Drinking water is an absolute necessity of life, but how clean is the water you drink? Water straight from your faucet will quench your thirst, but it may come with a few unwanted "fringe benefits" in the form of minerals, microbes, nitrates, radiation, chloroform, and even arsenic. These contaminants can negatively both the flavor of your water and, more seriously, your physical wellbeing. You may be tempted to switch to bottled water, but that comes with its own set of drawbacks -- a high price tag, uncertain quality, and a major recycling problem due to all those empty plastic bottles. To ensure a steady supply of clean, healthy water for your family to drink, the most practical solution might be to install a water purification system in your home.
Regulation of Drinking Water
The Environmental Protection Agency (EPA) is the agency responsible for water testing and treatment in the US, that is, if you are connected to the public supply. The EPA regularly posts updates on its website regarding the quality of drinking water, state by state, as well as information regarding utilities that supply water to the general public. If you have a private well, your water is not under the jurisdiction of the EPA. You yourself must take care to ensure its safety by having a certified laboratory test it once every year.
Water Assessment Testing
A water assessment test is normally a part of the inspection process prior to purchasing a home. However, you can choose to have it done at any time. There are two elements to this test. The first is detection of primary water standards -- contaminants including dangerous microorganisms, viruses, disinfectants and disinfection byproducts, chemicals both organic and inorganic, and radionuclides. The other is the detection of secondary water standards -- harmless minerals such as iron or copper, which nevertheless affect the taste of your household water supply. The results of the test will help determine which type of water treatment or purification will be optimal for your home.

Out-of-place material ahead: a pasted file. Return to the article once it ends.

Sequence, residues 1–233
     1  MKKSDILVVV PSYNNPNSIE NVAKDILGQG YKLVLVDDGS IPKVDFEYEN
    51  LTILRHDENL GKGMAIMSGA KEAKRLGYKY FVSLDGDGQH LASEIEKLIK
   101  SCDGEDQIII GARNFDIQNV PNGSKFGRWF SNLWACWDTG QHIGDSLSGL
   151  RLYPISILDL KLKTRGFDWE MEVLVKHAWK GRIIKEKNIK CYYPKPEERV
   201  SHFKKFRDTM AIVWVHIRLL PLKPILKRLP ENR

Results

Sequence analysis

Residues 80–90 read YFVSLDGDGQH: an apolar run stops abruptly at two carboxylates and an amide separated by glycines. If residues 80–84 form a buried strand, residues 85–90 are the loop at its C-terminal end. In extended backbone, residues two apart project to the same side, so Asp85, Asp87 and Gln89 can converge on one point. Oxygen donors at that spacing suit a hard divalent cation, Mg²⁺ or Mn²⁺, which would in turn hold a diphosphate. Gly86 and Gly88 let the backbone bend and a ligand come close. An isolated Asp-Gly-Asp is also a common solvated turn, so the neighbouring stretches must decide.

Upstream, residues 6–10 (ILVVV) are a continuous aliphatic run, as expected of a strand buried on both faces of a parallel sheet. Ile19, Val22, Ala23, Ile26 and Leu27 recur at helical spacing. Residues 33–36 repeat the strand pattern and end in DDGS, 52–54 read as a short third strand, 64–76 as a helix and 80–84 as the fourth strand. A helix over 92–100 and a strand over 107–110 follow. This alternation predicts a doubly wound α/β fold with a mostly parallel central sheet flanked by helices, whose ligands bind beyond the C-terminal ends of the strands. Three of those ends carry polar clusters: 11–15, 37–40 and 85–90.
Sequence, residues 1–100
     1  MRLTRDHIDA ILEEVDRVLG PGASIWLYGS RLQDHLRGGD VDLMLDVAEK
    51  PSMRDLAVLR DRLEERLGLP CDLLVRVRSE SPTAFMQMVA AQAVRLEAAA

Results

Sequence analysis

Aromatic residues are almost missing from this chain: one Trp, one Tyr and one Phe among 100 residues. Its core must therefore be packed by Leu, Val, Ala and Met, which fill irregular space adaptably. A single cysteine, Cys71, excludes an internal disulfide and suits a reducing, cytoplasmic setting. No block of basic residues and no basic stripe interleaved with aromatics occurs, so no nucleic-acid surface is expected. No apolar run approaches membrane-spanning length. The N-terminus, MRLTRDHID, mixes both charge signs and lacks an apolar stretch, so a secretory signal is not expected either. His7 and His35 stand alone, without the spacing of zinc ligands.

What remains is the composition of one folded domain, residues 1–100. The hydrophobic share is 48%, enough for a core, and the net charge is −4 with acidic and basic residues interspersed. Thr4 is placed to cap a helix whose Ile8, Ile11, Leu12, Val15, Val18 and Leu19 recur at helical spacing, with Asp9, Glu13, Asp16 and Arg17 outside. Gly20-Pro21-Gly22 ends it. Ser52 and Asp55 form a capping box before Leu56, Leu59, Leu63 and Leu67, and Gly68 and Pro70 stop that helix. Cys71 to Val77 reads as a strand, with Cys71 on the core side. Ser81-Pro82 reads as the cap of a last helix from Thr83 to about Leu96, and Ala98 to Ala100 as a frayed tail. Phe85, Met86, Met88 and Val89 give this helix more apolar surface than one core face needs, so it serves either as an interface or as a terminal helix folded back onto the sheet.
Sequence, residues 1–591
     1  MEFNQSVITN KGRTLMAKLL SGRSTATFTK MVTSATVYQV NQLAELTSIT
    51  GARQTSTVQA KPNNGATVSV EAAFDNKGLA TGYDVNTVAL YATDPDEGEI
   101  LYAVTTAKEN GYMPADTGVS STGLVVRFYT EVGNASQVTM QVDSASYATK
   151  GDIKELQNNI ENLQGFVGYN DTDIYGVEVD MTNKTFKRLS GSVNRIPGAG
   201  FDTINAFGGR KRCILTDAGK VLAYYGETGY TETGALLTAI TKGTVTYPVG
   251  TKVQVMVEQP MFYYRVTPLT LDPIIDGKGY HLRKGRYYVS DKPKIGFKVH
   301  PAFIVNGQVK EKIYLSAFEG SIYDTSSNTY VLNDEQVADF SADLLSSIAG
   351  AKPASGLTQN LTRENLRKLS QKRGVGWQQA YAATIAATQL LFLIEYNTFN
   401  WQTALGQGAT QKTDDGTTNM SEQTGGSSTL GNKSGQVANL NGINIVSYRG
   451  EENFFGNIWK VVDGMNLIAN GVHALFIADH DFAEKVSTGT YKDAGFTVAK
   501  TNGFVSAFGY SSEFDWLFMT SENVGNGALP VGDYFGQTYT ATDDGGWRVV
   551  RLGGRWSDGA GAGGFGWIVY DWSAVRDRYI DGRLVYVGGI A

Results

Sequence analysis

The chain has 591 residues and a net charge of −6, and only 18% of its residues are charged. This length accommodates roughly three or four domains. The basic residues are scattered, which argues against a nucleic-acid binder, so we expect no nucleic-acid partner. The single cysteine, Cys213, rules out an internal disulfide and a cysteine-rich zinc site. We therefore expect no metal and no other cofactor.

Types of Water Treatment and Purification Systems
There are a number of systems available to purify your drinking water, ranging widely in volume, efficiency, and price. They run the gamut from simple, small capacity, carafe-style and faucet-mounted filters, through under sink, reverse osmosis, and whole house water treatment systems. The more complex systems often combine water purification and softening functions. The reverse osmosis method is reputed to remove traces of pharmaceutical medication from your home's water supply. To choose the best model for your home, consider the results of your water assessment test, as well as your budget, the size of your household and the amount of water you consume.
Installation and Maintenance
Before purchasing a drinking water filtration system, check whether its installation will require a saddle valve. This can cause leaks, since it necessitates drilling a hole in the cold water line. A screw-on plumbing connection makes installing the filter system simpler. In addition, find out how expensive and complicated the system is to run and to maintain. Operating a non-electric method of water purification will save energy and cash. Maintenance may entail cleaning the device and/or changing the filter on a regular basis. Some systems have an electronic indicator to show when the filter needs to be replaced.